Available from Boydell and Brewer
Number of voters:
about 8,500 in 1815
|22 July 1802||CHARLES SILVER OLIVER|
|22 Nov. 1806||WILLIAM ODELL||851|
|WINDHAM HENRY QUIN||628|
|William Thomas Monsell||225|
|3 June 1807||WILLIAM ODELL||1759|
|WINDHAM HENRY QUIN||1350|
|William Thomas Monsell||869|
|16. Jan. 1811||ODELL re-elected after appointment to office||682|
|William Thomas Monsell||405|
|16 Oct. 1812||WINDHAM HENRY QUIN|
|8 July 1818||HON. RICHARD HOBART FITZGIBBON||2476|
|WINDHAM HENRY (WYNDHAM) QUIN||1724|
|Standish O'Grady jun.||1450|
Limerick, a prosperous pastoral county, had a number of powerful landed proprietors including Lords Limerick, Clare, Adare, Massy, Clarina, Muskerry and Southwell, the absentee Courtenay and Egremont interests and, among the gentry families, Odell, Oliver, Monsell, Waller, O’Grady and Hunt. The county being predominantly Catholic, the increase of the registered electorate to over 10,000 by 1820 virtually precluded the election of an anti-Catholic.1 At the Union Lord Clare, the Irish lord chancellor, probably commanded the most influence. He had supported Odell’s election in 1797. In 1801 he was sympathetic to the idea of Waller being replaced as Odell’s colleague at the next election by the former’s brother-in-law Oliver, a landowner worth £9,000 p.a.2 and a favourite of Lady Kingston. Clare was furious, however, when he discovered that his ‘friend’ Lord Limerick had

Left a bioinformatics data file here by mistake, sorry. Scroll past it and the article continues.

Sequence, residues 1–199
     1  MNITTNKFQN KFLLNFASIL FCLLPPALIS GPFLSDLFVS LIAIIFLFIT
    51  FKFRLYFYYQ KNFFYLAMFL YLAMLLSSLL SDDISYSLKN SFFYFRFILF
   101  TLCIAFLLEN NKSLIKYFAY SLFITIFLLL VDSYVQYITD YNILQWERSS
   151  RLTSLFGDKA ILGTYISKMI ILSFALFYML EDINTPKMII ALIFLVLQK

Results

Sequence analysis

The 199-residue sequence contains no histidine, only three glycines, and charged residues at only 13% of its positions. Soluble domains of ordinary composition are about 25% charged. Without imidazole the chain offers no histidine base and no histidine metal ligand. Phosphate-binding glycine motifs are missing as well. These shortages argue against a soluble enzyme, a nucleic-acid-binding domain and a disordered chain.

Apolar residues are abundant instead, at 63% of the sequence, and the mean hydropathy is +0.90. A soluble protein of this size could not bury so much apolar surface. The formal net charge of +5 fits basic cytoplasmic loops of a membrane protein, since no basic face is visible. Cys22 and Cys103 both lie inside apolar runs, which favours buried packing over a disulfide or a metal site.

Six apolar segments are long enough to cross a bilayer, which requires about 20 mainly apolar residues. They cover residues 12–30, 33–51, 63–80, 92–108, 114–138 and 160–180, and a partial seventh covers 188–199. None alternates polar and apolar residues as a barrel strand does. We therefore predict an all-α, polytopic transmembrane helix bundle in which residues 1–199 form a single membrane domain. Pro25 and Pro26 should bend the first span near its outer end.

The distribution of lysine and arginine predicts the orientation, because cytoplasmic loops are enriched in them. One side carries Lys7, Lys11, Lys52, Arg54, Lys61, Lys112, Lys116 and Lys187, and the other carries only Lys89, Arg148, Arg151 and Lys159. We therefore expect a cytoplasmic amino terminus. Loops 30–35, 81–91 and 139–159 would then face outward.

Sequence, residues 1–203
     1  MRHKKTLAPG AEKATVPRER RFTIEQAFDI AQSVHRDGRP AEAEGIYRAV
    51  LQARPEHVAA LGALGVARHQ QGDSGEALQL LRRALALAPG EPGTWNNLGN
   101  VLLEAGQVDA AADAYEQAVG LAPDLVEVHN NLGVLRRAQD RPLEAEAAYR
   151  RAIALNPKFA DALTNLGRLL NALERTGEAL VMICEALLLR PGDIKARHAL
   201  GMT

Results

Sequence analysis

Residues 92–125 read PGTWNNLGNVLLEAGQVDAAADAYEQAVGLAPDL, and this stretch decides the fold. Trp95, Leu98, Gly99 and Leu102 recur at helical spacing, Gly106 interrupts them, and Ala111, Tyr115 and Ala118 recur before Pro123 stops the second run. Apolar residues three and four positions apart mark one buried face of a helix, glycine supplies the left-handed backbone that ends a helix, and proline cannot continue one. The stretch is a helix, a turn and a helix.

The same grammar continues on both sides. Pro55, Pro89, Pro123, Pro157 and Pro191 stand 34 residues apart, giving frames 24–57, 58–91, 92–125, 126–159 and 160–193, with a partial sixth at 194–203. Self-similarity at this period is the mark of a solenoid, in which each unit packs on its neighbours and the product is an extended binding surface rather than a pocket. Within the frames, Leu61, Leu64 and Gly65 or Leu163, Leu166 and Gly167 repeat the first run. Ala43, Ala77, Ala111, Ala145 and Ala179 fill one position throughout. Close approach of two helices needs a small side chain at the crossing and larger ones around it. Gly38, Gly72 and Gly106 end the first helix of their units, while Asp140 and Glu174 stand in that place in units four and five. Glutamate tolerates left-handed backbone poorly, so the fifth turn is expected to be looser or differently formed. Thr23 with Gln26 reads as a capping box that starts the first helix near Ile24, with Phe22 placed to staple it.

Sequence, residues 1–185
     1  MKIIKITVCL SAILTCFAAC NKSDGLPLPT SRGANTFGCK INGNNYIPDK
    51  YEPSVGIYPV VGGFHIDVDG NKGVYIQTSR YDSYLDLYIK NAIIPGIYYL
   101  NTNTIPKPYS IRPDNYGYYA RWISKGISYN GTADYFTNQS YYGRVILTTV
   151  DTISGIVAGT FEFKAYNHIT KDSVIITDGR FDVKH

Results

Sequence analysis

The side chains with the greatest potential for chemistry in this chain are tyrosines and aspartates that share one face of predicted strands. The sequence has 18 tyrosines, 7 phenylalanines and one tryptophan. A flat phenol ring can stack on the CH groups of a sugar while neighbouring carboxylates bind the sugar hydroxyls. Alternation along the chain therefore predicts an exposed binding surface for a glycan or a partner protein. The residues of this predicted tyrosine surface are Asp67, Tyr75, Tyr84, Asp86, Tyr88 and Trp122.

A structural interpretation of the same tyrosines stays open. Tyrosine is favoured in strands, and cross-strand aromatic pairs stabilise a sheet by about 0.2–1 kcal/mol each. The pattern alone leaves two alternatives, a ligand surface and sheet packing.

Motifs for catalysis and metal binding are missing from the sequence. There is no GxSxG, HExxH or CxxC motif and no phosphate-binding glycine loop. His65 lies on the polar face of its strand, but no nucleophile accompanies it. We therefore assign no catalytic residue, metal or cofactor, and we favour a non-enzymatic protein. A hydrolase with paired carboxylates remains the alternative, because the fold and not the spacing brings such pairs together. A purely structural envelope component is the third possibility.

most wantonly and foolishly committed an act of great hostility to me ... He has bound himself by deed under his hand and seal to support Lord Massy for the next two elections in the county of Limerick avowedly against the persons who may be supported by me. He has set up a brother-in-law of his, a Sir Vere Hunt, who is half knave and half fool, and has the same chance of representing this county, that he would have of being chosen for the county of Yory—and Lord Massy has named a kinsman of his Mr Massy Dawson. This step of Lord Limerick’s by the way is an act of hostility to the government as Odell the present representative has always voted with it—and Lord Massy has uniformly voted in opposition.3
Clare, vowing to teach Lord Limerick a lesson, died leaving a boy heir in January 1802, and although Limerick hoped to step into the vacuum there was no opposition to Clare’s candidates at the ensuing election. Sir Vere Hunt, James Hewett Massy Dawson and William Thomas Monsell, who had all announced their candidature,4 withdrew.